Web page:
Simple Ways to Secure Your New Home

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Becoming a proud owner of your very own home is an amazing feeling, but once the first wave of excitement passes the fear could easily set in. As you look at your new shiny set of keys, the question is inevitable – will someone try to break in? And this is not an irrational fear – statistics show that burglaries happen every 21 seconds on average, so it’s important to make sure your new home is secured.

Simple Ways to Secure Your New Home 755072479

If this got you thinking about expensive home security systems and the fact that you’ve already invested everything into the house itself, you should know that these systems are not the only option to burglar-proof your home. There are a number of simple ways to secure your new home you can implement right away without breaking the bank. Even if you do have the budget, these simple upgrades and change of habits are the cornerstone of home security.

The Turn of The Key
This may seem like unnecessary advice, but the fact is that most people don’t have a firm habit of keeping their doors and windows locked. Maybe you imagine burglars as skilled nightcrawlers, but the fact is that most burglaries take place during daylight and that 23% of burglars use the first-floor window, while 34% use the front door as an entry point. In other words, most burglars are just looking for easy targets, so it’s important to develop the habit of locking both doors and windows when they’re not in use, even when you’re inside the house. Keep in mind that the garage is also a popular entry point, so this goes for the garage doors as well.

In Locks we Trust
This trust shouldn’t come automatically. If your new home has had previous owners, it’s mandatory to change the locks since you never know if there are some extra keys jingling in the pockets of strangers. It’s equally important to conduct an inventory of all locks around the house to make sure they’re not damaged or easy to bump open, jimmy, or pick. At the first sign of these weak points, you should replace the locks with more tamper-proof ones. Pay special attention to exterior doors and make sure they have ANSI Grade 1 or Grade 2 deadbolts.

Repair & Reinforcement
The fact that locks are now solid doesn’t mean that your hardware, windows, or doors can be flimsy and weak. Someone could get inside in a matter of seconds with just one well-placed slam or kick. So if your exterior doors are broken, hollow-core, or thin, they have to go. Most homeowners ignore their windows, and the burglars know it. Maybe tiny cracks in window glass are just unsightly for you, but it’s a major security risk and should be replaced immediately. Make sure to inspect all the entry points and repair or reinforce each one that looks outdated and weak.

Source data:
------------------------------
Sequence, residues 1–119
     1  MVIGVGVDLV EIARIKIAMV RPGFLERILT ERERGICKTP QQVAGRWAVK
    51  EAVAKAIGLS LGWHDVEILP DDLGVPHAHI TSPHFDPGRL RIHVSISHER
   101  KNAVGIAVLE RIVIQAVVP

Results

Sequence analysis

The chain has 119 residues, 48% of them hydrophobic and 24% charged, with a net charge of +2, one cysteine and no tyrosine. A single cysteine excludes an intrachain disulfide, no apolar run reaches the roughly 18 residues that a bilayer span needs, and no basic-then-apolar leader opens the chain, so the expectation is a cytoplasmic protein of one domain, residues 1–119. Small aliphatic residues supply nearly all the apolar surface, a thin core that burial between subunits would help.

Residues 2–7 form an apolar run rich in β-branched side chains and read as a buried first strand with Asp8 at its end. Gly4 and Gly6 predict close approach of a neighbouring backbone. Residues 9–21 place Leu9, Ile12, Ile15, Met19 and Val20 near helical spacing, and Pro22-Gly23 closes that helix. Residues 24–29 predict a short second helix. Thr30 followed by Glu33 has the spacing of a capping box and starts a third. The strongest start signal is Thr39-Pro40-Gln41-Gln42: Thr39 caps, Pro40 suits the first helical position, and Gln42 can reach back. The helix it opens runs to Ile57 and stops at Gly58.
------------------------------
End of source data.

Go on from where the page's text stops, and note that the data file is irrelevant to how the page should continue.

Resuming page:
Out of Sight
All security measures in the world won’t putt of burglars if you give them a reason to remain persistent, so keep all of your valuables out of sight. All the items lying outside, such as bikes or tools, are easy-to-grab so lock them up in the garage when you’re not using them. To prevent passers-by from casing the inside of your house, use window treatments such as curtains. Of course, curtains are not an excuse to leave important personal documents, cash, jewelry, or electronics in plain sight. Your most valuable documents and goods should be kept in a household safe.

Shine a Light
While your valuables shouldn’t be in the spotlight, it’s good to catch burglars into one. You will keep the criminals at bay with plenty of outdoor lighting. Of course, this doesn’t mean your landscape should look like Disneyland all the time – go for motion sensor lights and save energy by opting for solar-powered ones. Place the lights near outdoor structures such as a garage, along pathways, around back and front yard. In order to make the most of it, you need to eliminate the handy hiding places – trim down shrubs and trees close to the house which burglars could use as cover.
As we’ve said, these measures are the cornerstone of home security. They’re the best way to take immediate action and show intruders that you’re aware of potential security risks. Once in place, you’ll have a foundation to build upon in the future.

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